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Richard Kirwan



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Richard Kirwan FRS (August 1, 1733 – June 22, 1812) was an Irish scientist. He is remembered today, if at all, for being one of the last supporters of the theory of phlogiston. Kirwan was active in the fields of chemistry, meteorology, and geology. He was widely known in his day, corresponding and meeting with such better-known scientists as Lavoisier, Black, Priestley, and Cavendish.

Additional recommended knowledge

Contents

Life and work

 

Richard Kirwan was born at Cloughballymore, Co. Galway, the second son of Martin Kirwan and Mary. Part of his early life was spent abroad, and in 1754 he entered the Jesuit novitiate either at St Omer or at Hesdin, but returned to Ireland in the following year, when he succeeded to the family estates through the death of his brother in a duel. Kirwan married in 1757, but his wife only lived eight more years. The couple had two daughters, Maria Theresa and Eliza.[2]

In 1766, having conformed to the established religion two years previously, Kirwan was called to the Irish bar, but in 1768 abandoned practice in favor of scientific pursuits. During the next nineteen years he resided chiefly in London, enjoying the society of the scientific men living there, and corresponding with many savants on the continent of Europe, as his wide knowledge of languages enabled him to do with ease. His experiments on the specific gravities and attractive powers of various saline substances formed a substantial contribution to the methods of analytical chemistry, and in 1782 gained him the Copley medal from the Royal Society, of which he was elected a fellow in 1780; and in 1784 he was engaged in a controversy with Cavendish in regard to the latter's experiments on air.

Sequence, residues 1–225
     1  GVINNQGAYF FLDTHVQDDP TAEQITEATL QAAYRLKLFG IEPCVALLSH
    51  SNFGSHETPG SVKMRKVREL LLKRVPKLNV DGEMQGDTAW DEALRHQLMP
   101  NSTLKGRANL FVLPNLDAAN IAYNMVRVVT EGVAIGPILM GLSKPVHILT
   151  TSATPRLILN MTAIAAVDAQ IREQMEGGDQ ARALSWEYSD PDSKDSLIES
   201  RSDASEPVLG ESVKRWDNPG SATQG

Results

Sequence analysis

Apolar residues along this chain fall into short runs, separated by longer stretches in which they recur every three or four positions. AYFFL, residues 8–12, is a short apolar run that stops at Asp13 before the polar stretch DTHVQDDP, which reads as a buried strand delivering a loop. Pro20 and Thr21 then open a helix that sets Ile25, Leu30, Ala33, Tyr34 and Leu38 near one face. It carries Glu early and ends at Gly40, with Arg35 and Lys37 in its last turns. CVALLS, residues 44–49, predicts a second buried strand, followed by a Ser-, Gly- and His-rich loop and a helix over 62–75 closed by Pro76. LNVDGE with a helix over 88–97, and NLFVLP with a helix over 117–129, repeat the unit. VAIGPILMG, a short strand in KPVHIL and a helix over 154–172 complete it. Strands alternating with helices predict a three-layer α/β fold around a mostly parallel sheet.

In 1787 Kirwan moved to Dublin, where, in 1799, he became president of the Royal Irish Academy. To its proceedings he contributed some thirty-eight memoirs, dealing with meteorology[3], pure and applied chemistry, geology, magnetism and philology. One of these, on the primitive state of the globe and its subsequent catastrophe, involved him in a lively dispute with the upholders of the Huttonian theory. His geological work was marred by an implicit belief in the universal deluge, and through finding fossils associated with the trap rocks near Portrush he maintained basalt was of aqueous origin.

Kirwan was one of the last supporters in England of the theory of phlogiston, for which he contended in his Essay on Phlogiston and the Constitution of Acids (1787), identifying phlogiston with hydrogen. This work, translated by Marie-Anne Pierette Paulze, was published in French with critical notes by Lavoisier and some of his associates; Kirwan attempted to refute their arguments, but they proved too strong for him, and he acknowledged himself a convert in 1791.

Various stories are told of Kirwan's eccentricities as well as of his conversational powers. It is said that flies "were his especial aversion; he kept a pet eagle, and was attended by six large dogs."[4]